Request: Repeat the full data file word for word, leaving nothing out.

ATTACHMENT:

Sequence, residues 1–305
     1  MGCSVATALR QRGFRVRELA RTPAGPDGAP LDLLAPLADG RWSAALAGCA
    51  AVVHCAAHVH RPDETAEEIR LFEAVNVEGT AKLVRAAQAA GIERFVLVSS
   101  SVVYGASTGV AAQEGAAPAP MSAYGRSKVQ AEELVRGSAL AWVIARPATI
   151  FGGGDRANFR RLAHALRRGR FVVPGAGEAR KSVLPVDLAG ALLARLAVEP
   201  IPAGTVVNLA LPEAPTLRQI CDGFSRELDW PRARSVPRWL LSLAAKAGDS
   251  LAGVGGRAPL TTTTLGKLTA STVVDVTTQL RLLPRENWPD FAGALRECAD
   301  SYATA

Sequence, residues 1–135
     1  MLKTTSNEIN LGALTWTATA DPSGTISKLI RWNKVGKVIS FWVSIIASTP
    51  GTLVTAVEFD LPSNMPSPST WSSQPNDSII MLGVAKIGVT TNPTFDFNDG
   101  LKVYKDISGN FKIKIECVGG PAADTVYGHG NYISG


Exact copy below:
Sequence, residues 1–305
     1  MGCSVATALR QRGFRVRELA RTPAGPDGAP LDLLAPLADG RWSAALAGCA
    51  AVVHCAAHVH RPDETAEEIR LFEAVNVEGT AKLVRAAQAA GIERFVLVSS
   101  SVVYGASTGV AAQEGAAPAP MSAYGRSKVQ AEELVRGSAL AWVIARPATI
   151  FGGGDRANFR RLAHALRRGR FVVPGAGEAR KSVLPVDLAG ALLARLAVEP
   201  IPAGTVVNLA LPEAPTLRQI CDGFSRELDW PRARSVPRWL LSLAAKAGDS
   251  LAGVGGRAPL TTTTLGKLTA STVVDVTTQL RLLPRENWPD FAGALRECAD
   301  SYATA

Sequence, residues 1–135
     1  MLKTTSNEIN LGALTWTATA DPSGTISKLI RWNKVGKVIS FWVSIIASTP
    51  GTLVTAVEFD LPSNMPSPST WSSQPNDSII MLGVAKIGVT TNPTFDFNDG
   101  LKVYKDISGN FKIKIECVGG PAADTVYGHG NYISG